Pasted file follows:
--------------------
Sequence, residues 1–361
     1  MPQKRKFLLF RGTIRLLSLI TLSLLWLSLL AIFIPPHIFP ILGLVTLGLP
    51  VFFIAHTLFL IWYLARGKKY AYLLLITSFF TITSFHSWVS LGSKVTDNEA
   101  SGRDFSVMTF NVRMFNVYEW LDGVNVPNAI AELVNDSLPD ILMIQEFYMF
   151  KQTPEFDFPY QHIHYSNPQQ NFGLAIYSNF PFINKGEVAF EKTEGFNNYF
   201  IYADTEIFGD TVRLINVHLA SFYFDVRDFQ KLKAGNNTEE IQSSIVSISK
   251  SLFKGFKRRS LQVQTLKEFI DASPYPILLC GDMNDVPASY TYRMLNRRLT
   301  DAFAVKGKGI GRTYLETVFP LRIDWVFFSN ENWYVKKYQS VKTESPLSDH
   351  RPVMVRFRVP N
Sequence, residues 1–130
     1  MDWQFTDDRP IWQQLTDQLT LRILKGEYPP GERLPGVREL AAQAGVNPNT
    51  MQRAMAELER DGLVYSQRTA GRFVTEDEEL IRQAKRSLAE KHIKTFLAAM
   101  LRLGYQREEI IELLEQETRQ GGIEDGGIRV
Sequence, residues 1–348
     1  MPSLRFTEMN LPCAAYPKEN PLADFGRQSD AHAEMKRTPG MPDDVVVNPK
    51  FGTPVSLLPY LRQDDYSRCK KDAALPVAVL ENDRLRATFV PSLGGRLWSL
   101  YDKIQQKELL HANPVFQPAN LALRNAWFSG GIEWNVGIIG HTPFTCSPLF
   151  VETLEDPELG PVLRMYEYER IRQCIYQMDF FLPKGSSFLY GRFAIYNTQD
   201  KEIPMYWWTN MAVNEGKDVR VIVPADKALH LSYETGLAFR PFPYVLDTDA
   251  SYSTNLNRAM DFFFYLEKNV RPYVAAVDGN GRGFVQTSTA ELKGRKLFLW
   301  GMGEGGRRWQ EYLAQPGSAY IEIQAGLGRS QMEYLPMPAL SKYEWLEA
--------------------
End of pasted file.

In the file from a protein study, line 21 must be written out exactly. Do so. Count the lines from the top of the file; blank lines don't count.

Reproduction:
   301  GMGEGGRRWQ EYLAQPGSAY IEIQAGLGRS QMEYLPMPAL SKYEWLEA